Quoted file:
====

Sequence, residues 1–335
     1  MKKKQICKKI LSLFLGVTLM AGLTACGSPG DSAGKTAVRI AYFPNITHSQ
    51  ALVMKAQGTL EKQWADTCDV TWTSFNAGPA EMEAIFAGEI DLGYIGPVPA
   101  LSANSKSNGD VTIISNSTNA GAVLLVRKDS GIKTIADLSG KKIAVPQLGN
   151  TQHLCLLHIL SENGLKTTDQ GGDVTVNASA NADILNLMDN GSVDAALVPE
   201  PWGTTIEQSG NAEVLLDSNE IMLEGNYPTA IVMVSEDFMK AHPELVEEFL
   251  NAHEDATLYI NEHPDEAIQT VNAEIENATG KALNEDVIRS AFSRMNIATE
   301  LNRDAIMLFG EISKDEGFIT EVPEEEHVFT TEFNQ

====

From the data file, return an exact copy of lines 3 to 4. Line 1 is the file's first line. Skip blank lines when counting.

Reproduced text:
    51  ALVMKAQGTL EKQWADTCDV TWTSFNAGPA EMEAIFAGEI DLGYIGPVPA
   101  LSANSKSNGD VTIISNSTNA GAVLLVRKDS GIKTIADLSG KKIAVPQLGN